For archers, it’s all in mind
For long, Indian archers have been accused of being mentally fragile, a factor that has resulted them in repeatedly faltering on the big stage. Deepika Kumari’s brain-freeze at London Olympics is still fresh in the memory. To ensure it does not happen again, the Archery Association of India and sports ministry have appointed two sports psychologists. Eminent sports psychologists Bhishmraj Bam will be imparting mental training to the archery team in the run up to, and during, the Olympics. Besides, the ministry has also decided to obtain services of renowed mental trainer Lorenzo Beltrame, who has worked with the likes of Jim Courier and Pete Sampras.
Music to their ears
The National Rifle Association of India does not want to leave anything to chance at Rio. Such is the detailing of their preparation for the Games that even the music that will be played during competition at Rio will be provided to the shooters. ISSF administrator Doris Fischl recently sent an email to the NRAI, which briefed them that background music would be played during the qualification and the finals during the Olympics. The NRAI informed the ministry’s TOPS committee regarding the same and it was decided that the same music will be followed in the trial events and camps in the rup up to the Games to ensure the shooters get used to it.
The NRAI is also focussing on helping shooters from other countries to prepare for the Olympics. Bhutan’s only representative in the sport, Lenchu Kunzang, will train in India as she does not have facilities and partners back home to train with. Together with the Sports Authority of India, the NRAI will help the girl from the Himalayan kingdom to polish her skills ahead of the Games. The 10m air rifle shooter has been given an invitational place by the IOC, to ensure there is representation from all continents.
Rifle shooters Gagan Narang, Chain Singh and Apurvi Chandela were scheduled to train in Russia from June 3 to 21 but had to change their plans last minute. Narang, Chain and Chandela are all training under Kazakh coach Stanislas Lapidus and wrote to the ministry last week requesting to change their training venue to Switzerland. The trio anticipated that even the Russian national team would train at the same venue and were keen to avoid a clash. The ministry was glad to oblige. In a letter dated May 18, the director general of National Anti Doping Agency had advised Indian athletes to avoid training at five European countries, including Russia. Soon after a series of doping scandals emerged, the ministry informed the athletes who were planning to train in Russia, Turkey, Georgia, Ukraine and Italy to be careful.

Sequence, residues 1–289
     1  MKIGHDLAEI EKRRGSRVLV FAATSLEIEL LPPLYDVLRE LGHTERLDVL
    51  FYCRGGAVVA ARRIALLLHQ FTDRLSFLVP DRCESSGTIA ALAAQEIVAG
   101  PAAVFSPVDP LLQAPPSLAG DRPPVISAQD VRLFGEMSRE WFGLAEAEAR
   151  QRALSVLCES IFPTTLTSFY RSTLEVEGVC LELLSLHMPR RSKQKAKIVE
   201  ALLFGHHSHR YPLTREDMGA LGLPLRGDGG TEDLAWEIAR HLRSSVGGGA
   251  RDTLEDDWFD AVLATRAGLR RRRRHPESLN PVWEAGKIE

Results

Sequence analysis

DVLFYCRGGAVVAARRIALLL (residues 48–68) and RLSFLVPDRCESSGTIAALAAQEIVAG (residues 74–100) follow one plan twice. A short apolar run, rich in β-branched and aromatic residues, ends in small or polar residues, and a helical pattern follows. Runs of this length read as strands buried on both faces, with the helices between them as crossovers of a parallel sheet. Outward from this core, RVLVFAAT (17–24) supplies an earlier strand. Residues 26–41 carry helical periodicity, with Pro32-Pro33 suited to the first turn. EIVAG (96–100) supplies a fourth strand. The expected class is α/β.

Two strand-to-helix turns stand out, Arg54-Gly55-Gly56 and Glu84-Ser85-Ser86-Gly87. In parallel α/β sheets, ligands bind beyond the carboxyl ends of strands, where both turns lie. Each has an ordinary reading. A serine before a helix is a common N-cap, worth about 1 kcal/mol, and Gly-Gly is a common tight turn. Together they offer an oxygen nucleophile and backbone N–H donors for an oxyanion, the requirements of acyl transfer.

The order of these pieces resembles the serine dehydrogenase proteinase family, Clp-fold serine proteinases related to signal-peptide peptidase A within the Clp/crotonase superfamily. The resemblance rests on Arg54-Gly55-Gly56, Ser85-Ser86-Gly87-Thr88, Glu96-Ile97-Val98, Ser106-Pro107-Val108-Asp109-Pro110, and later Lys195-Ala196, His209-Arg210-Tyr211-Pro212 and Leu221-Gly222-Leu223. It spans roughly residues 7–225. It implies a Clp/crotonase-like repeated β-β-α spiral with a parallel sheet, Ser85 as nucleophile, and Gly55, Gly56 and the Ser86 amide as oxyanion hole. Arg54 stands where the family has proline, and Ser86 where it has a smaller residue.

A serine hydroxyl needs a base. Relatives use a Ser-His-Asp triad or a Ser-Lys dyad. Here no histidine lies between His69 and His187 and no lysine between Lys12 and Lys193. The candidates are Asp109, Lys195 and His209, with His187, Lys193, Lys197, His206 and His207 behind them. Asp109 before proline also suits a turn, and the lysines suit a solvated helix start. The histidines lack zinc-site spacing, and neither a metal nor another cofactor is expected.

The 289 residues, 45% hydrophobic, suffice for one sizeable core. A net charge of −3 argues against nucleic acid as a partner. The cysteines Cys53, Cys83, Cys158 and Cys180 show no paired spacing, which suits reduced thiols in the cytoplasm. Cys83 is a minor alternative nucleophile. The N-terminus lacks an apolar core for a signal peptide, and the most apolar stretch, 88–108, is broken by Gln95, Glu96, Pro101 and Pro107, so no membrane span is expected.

Burden of Shiva
Shiva Thapa, the only boxer to have qualified for Rio so far, left for Azerbaijan with the rest of the Indian team on Sunday, although he wouldn’t be taking part in the tournament. However, Thapa found himself in a unique situation, where if he had stayed back at the National Institute of Sports in Patiala, he would have no one to train with since all other boxers and coaches will travel to Baku for the final Olympic qualifiers. So while other Indian boxers will be hoping to secure an Olympic berth, Thapa will train on the sidelines and also witness the performance of his potential opponents at the Olympics. Despite the mess that Indian boxing finds itself in, the ministry has identified Thapa as one of the medal prospects and is going all out to support him in build up. Once he returns from Baku, Thapa will travel to USA’s training centre in Colorado.
Safety first for athletes
Considering that some of the venues – like archery and shooting – are two to three hours away from the Olympic Village, some athletes were planning to stay outside the designated accommodation. Their plans were scuppered by the ministry. It has been decided that no athlete will be allowed to stay outside the Village because of security concerns and dangers of Zika virus.
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